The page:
CNN's Shannon Troetel on the Sean ‘Puffy’ Combs trial
CNN producer Shannon Troetel has been following the trial of rapper Sean "Puffy" Combs, who has been charged with gun possession and bribery in connection with an incident at Club New York on December 27, 1999.
Q: In this fifth week of the trial, what are we expecting to see?
Troetel: Obviously, this is a huge week for the trial in that one of its celebrity defendants, rapper Sean "Puffy" Combs, takes the stand.
On Wednesday, prosecutor Matthew Bogdanos, a Manhattan assistant district attorney, asked Judge Charles Solomon to hold Combs in contempt of court for a "blatant disregard" for the gag order that has been imposed on both the defendants and their attorneys throughout this trial. Judge Solomon has not ruled on the contempt order.
Thursday is expected to be a media circus at Manhattan Supreme Court with representatives from the major television networks, local television stations, entertainment news shows, international media, Court-TV, MTV, Entertainment Weekly and the print media.
Q: Why is the defense putting Combs on the stand?
Troetel: His defense attorney said today that his client has said throughout this that he did not commit this crime, that he is innocent, and that he wants his day in court. I think, too, saving this celebrity witness for the end of the defense’s case matches Brafman’s and Cochran’s flamboyant legal style. However, I think Combs should be prepared for a tough cross-examination from Bogdanos.
Q: What is it like in the courtroom on the average trial day?
Troetel: The courtroom is packed daily. It has only ten rows of seats. Three rows are reserved for media, two for family and friends. Janice Combs, the defendant’s mother, comes to court daily with her son. The rest of the courtroom is reserved for the general public and sketch artists. Lines of people waiting to get into the courtroom can often be seen on trial days. Some people are fans of the hip-hop mogul, and Puffy has signed autographs in the hallway.
Once, Combs did stop to speak at a bank of microphones. He proclaimed his innocence and thanked the fans who have supported him throughout this trial. During the trial, he has always been accompanied by security personnel, and almost always stays inside the courthouse during the lunch hour, which is from 1 to 2:15 p.m. EST. His mother has been known to bring lunches for him.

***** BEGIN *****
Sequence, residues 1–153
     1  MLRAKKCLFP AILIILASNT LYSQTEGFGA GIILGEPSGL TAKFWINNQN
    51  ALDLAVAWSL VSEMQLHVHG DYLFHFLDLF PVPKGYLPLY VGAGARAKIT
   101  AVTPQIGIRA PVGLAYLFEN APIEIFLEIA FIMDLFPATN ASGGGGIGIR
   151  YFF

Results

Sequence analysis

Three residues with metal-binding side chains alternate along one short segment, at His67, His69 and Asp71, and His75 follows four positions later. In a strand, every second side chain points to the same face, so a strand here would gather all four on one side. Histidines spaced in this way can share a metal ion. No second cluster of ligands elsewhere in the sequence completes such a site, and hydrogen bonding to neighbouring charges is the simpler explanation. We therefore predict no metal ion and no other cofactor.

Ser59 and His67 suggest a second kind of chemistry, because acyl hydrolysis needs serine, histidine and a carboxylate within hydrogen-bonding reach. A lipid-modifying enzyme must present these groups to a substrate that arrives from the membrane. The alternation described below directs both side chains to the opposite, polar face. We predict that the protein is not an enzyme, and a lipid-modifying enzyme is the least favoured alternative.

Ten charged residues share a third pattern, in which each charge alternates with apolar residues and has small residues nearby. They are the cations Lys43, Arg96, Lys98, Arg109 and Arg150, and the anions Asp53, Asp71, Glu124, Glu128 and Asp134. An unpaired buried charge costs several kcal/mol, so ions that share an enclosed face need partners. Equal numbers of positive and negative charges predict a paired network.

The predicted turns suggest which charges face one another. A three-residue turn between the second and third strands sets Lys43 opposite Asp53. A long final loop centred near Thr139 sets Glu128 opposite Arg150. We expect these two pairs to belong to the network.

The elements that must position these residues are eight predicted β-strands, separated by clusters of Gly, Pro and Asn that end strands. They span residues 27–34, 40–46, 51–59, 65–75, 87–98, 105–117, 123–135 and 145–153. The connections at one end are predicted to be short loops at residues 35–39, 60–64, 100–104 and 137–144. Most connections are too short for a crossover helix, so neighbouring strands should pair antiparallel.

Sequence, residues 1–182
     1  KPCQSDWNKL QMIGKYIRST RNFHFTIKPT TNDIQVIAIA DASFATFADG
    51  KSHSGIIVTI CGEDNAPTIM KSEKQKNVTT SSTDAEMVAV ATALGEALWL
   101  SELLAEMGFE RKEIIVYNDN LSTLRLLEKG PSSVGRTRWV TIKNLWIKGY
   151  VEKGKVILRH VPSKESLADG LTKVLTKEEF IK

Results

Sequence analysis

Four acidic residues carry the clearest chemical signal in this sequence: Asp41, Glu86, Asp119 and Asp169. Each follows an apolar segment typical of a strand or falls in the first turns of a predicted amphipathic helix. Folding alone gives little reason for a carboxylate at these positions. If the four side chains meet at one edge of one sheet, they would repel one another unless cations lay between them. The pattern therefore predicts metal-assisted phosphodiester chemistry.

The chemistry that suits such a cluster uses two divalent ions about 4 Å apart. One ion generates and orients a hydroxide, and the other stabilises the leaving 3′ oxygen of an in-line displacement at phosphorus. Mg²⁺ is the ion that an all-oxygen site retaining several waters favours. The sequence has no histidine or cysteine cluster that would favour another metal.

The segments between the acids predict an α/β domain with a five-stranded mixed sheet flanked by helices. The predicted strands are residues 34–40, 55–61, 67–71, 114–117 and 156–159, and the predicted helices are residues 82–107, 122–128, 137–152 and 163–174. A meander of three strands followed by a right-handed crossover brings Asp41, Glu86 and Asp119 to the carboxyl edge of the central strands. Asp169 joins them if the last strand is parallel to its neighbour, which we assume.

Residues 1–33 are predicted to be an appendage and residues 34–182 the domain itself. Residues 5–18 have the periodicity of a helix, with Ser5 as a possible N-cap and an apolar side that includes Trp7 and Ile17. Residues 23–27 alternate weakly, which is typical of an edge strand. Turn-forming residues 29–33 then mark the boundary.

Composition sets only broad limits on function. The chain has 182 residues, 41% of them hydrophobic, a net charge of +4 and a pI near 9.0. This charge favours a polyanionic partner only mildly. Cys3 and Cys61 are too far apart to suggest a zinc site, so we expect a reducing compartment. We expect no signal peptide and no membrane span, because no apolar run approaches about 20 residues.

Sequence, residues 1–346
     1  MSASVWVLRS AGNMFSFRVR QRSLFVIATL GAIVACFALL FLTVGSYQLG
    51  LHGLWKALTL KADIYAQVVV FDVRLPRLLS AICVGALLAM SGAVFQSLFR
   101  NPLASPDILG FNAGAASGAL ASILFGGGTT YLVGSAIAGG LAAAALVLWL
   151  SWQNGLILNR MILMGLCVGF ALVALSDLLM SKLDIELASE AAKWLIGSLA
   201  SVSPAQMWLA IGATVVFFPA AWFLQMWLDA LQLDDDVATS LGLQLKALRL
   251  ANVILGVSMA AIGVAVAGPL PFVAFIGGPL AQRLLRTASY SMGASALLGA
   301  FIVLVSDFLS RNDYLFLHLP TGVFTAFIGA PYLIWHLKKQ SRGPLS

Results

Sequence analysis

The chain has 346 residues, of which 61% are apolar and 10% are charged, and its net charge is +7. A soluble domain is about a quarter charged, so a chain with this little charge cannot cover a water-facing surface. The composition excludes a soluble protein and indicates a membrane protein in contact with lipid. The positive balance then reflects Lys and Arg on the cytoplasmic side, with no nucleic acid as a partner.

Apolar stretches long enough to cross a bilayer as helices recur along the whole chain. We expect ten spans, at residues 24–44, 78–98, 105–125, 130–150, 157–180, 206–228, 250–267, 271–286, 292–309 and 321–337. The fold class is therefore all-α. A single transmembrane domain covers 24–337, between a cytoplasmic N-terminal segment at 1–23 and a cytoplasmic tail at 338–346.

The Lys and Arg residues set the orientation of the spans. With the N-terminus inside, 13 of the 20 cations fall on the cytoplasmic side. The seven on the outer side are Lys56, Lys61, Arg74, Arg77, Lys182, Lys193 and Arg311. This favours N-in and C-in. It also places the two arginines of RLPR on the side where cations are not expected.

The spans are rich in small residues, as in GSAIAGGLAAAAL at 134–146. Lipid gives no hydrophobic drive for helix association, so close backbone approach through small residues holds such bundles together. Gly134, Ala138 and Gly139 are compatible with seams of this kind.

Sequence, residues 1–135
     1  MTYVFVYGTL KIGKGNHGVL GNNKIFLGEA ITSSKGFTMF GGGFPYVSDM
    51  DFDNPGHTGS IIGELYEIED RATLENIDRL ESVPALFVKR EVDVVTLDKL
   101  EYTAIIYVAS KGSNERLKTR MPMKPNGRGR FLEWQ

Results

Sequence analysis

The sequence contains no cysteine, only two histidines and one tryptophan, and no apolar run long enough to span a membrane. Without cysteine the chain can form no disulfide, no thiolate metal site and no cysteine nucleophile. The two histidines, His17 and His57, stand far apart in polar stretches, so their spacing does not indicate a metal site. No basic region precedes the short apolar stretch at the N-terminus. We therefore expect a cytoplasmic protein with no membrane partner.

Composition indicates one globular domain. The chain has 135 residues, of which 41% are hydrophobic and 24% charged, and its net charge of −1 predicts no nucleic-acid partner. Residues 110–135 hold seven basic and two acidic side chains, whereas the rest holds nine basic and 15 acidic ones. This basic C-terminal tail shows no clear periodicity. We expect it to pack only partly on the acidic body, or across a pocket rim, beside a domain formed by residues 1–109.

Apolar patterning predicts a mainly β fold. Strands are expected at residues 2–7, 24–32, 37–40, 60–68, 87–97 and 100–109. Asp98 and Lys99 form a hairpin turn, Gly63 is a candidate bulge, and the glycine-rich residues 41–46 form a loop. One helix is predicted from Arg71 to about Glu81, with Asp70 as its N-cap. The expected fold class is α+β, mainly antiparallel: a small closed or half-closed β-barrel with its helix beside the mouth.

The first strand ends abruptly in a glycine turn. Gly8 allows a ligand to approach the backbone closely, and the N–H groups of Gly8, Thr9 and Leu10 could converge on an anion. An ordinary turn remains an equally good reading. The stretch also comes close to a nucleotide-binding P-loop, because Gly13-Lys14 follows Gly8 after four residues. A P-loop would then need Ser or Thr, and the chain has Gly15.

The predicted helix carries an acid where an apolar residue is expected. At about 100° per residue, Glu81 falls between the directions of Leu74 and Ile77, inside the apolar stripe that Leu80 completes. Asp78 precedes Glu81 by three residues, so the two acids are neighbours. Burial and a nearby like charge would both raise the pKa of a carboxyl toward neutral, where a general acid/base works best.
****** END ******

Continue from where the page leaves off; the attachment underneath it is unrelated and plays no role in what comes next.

Q: What type of court does Judge Solomon run?
Troetel: Judge Solomon runs an orderly, no-nonsense courtroom. He expects everyone to be on time. He has reprimanded both defense and prosecution attorneys for unprofessional conduct in the courtroom. At one point, Judge Solomon also reprimanded one of Combs’ co-defendants in the trial, rapper Jamaal "Shyne" Barrow, after Barrow shook his head back and forth to show disapproval of one of the judge’s rulings. "If you don’t like my ruling," the judge said angrily, "keep your personal opinions to yourself."
Q: What can you tell us about the rapport between the judge and the prosecution and defense teams?
Troetel: Generally, it seems that the defense and prosecution attorneys have a good rapport with Judge Solomon. Although he runs a tight ship, he does have a sense of humor.
For instance, every day people in the courtroom are reminded to turn off their cellphones and pages. Today, in the middle of some witness testimony, Combs’ own cellphone went off rather loudly. He apologized sheepishly. The judge laughed, and then reminded people to turn off their cellphones and pagers.
Q: Have either the defense or the prosecution been able to cast doubt on the credibility of the other’s witnesses?
Troetel: The defense has said that all three of the prosecution witness who testified that they saw Combs with a gun have filed lawsuits against Combs. This fact, according to the defense, makes them bad witnesses because they are out for personal gain.
Q: One of the oddities which has occurred during this trial is that Sean "Puffy" Combs was a host for a fashion show which featured his line of clothes. Is he using this trial to showcase his clothing line?
Troetel: He has sported several pieces from his Sean John collection. There have been several references throughout the trial testimony to what Combs was supposedly wearing the night of the shooting at Club New York, including a light gray Sean John sweat shirt.
Q: When is the defense expected to rest its case?
Troetel: If it doesn’t rest tomorrow, it will rest on Friday. It depends on what happens during the testimony of Combs.
Q: When is the jury expected to get this case?
Troetel: The judge wants to charge the jury no later than March 13. He expects closing arguments on the 12th.
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